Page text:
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December 09, 2013

Solstice

"Dad, we're not Christian, right?"

"Right."

"So why do we celebrate Christmas?"

The simple questions are usually the most complex. Up until then the talk had focused on the logistics of our first New Normal Christmas: would I be getting a tree (yes), will Santa be coming to my place and their mother's and their grandparents (of course, he tracks your location better than the NSA), "will he bring me a BB gun" (no, emphatic no, although he'd brought me one when I was in 6th grade and so there might be some room for negotiation in two years), "will he bring me a new Barbie House because I know I have a big one already but I NEED one with an elevator" (that one drew a blank stare). New Normal, meet the Old Normal. You have a lot in common, it seems. Happily so.

But the Big Question, the existential Why of our Christmas, hung there for a bit. Nothing for it but to answer. "Well...", I began. And then came an explanation too lengthy to quote here. The Druids were involved. Trees in the living room and mistletoe hanging from a doorjam and yule logs in gas-fueled fireplaces and their pagan origins. There was a primer on Winter Solstice, and how it was celebrated. My explanation seemed to satisfy them, at least for now.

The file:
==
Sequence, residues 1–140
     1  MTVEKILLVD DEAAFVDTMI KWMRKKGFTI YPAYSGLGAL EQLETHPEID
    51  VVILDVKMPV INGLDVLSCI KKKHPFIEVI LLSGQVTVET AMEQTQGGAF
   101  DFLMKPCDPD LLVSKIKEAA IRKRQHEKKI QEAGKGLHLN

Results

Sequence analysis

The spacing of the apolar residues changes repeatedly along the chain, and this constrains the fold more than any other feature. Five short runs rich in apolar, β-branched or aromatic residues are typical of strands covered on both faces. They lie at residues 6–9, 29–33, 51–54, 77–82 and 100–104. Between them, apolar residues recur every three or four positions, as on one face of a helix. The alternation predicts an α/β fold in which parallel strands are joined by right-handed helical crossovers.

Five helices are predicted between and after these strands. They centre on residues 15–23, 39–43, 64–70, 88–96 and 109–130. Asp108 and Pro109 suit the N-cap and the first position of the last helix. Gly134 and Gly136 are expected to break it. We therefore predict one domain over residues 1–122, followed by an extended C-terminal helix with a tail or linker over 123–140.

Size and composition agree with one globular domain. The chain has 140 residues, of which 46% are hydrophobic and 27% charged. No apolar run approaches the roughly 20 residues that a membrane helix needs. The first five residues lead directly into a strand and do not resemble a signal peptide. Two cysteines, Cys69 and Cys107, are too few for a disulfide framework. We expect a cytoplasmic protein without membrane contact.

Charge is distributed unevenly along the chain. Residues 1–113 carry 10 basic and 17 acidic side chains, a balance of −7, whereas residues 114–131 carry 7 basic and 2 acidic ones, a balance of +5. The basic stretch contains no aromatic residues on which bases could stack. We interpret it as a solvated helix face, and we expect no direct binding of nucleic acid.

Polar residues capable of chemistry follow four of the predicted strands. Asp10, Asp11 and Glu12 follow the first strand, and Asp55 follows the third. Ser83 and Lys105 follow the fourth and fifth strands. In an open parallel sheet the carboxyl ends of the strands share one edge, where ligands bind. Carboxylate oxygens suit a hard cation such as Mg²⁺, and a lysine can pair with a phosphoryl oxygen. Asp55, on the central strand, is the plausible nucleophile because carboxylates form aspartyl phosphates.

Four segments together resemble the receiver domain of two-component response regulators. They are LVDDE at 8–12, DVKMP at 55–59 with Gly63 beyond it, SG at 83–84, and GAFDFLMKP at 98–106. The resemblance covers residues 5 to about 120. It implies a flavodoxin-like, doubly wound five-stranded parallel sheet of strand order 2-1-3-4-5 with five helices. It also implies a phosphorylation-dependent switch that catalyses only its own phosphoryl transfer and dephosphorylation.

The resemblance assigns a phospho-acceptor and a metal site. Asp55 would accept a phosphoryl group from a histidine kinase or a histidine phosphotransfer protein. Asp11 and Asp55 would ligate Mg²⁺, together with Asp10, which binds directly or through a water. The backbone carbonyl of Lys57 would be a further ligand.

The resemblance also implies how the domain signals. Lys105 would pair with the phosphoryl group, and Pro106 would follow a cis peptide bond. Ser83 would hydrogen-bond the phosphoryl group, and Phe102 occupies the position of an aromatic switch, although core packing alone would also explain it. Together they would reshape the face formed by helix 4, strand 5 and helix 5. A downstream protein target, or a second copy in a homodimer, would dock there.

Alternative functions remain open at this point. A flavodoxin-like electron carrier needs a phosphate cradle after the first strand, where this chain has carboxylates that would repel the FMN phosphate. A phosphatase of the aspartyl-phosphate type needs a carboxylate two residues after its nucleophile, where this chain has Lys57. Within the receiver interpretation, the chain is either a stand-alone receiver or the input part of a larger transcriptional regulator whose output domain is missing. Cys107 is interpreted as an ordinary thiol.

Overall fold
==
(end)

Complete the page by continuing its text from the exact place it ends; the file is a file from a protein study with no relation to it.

The talk turned to how exactly we'd be decorating my apartment. Some twinkly lights along the windowsill, a small tree in the corner. Lucas suggested stringing popcorn and cranberries - we'd never done this before, but why not, I said. Let's. I told the kids that our Christmas dinner would be something new as well; I'd get some good tamales and make a big pot of pozole. The first of a new kind of holiday for us. I thought of the Winter Solstice: in the face of days that had grown colder and nights that had grown longer, people huddled together and celebrated the fact that they were alive, and rejoiced in the knowledge that soon that a corner would be turned, and the sun would stick around a bit longer each day. There's always winter. And then there's always spring. The cycle repeats itself each year, as we grow older, as some of us drift apart, as some of us drift back together. There's a comfort in that. One worth celebrating. 

This seems like a good place to end things here at DadCentric. The kids grow up, and so do the dads; the site's run its course, and if we've done anything to contribute to the growth of the Dad-Blog-O- Community-Sphere, well, that's a good thing. This site has always been the sum of a bunch of incredibly gifted and generous parts. My heartfelt thanks go out to the many talented writers who contributed to DadCentric during its (does math) eight years of existence - you can find them all over the Internet, and who knows? Perhaps we'll get some of the band back together for other things, kind of like Axl Rose did for "Chinese Democracy", only hopefully with better results. And thank you, Dear Reader, for indulging us. It's been a pleasure. - Jason

  Dadcentric-bye



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